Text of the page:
P477Myeloid PHD-2 deficiency leads to enlarged and fibrotic atherosclerotic plaques in mice

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Purpose: Macrophage specific knockout of PHD-2 prolylhydroxylase domain protein 2 (PHD-2-/-), the crucial cellular oxygen sensor, increased anti-inflammatory M2 macrophages, angiogenesis and arteriogenesis in mice. As macrophages and angiogenesis are known to enhance progression of atherosclerotic plaques, we hypothesized that macrophage PHD-2-/- would increase plaque size and progression.

Methods: LysMCre-low density lipoprotein receptor knockout (LDLR-/-) (control, n = 18) and lysMCre PHD-2fl/fl LDLR-/- mice (PHD-2-/-, n = 18) mice were fed a high cholesterol diet (0.25%) for 12 weeks to analyze atherosclerosis, MAC3+ macrophage content and CD31+ microvessel density in the aortic root. Collagen content was quantified using polarized light microscopy of sirius red stained plaques.

Results: Plaque size was increased 40% in PHD-2-/- mice (361.1±19.1 103μm2) compared to control (215.9±13.5 103μm2 p<0.0001), despite a slight decrease in plasma cholesterol in PHD-2-/- mice vs. control (31.43±1.04 vs. 35.03±1.18 mmol/l resp, p<0.05). Necrotic/lipid core content was similar (12.5±0.66 vs. 12.77±1.02 % of plaque resp.), whereas PHD-2-/- reduced macrophage content by 37% (24.2±1.86 vs. 38.2±3.59 % of Mac-3+ area p<0.01).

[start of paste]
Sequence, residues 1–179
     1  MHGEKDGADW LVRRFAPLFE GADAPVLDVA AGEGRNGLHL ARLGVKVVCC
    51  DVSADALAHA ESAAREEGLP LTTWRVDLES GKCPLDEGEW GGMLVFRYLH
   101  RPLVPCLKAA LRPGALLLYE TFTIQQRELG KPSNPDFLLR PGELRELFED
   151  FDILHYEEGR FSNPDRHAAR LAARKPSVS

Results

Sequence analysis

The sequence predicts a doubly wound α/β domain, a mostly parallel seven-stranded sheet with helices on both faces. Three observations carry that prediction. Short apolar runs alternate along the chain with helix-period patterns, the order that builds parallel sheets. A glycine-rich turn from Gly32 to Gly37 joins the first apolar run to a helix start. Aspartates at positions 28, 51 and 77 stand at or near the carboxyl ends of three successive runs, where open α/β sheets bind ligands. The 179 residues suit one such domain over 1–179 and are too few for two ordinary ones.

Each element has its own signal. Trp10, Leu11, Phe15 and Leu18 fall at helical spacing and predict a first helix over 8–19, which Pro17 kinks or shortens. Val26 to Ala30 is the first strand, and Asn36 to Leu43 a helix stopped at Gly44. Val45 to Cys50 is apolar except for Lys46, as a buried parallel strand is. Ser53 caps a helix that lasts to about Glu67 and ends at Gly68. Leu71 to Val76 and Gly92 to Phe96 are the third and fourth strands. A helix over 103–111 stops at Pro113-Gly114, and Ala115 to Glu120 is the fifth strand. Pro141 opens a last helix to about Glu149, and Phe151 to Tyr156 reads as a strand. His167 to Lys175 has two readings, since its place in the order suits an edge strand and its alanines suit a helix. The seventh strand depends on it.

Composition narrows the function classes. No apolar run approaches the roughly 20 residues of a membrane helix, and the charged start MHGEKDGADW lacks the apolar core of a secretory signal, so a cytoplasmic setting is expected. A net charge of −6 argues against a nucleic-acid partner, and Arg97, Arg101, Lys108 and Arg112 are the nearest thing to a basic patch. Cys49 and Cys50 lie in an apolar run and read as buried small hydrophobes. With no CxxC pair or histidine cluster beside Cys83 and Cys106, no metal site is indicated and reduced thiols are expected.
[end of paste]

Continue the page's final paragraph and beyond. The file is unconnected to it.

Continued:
Although PHD-2-/- plaques more frequently contained erythrocytes (53% vs 17% of control, p<0.05), suggestive of increased plaque angiogenesis, only two out of 18 PHD-2-/- mice showed intraplaque angiogenesis vs none in the control. Likewise, adventitial microvessel density was similar (0.039 vs 0.036 vessels/mm2). Interestingly, plaque collagen content was increased 22% in PHD-2-/- vs control (39.34±0.96 vs. 30.73±1.43 % sirius red resp., p<0.0001) with a collagen subtype shift towards more condensed, mature fibers in PHD-2-/- mice. Finally, body weight, serum triglycerides, and hematopoiesis (flow cytometry of T cells, B cells, monocytes, and granulocytes in blood, spleen and lymphe nodes) did not differ.

Conclusions: In conclusion, macrophage PHD-2-/- led to larger plaques with more fibrosis and less inflammation. Thus PHD-2-/- improved plaque stabilization, and PHD2 inhibition may therefore provide a new therapeutic avenue to prevent plaque destabilization.

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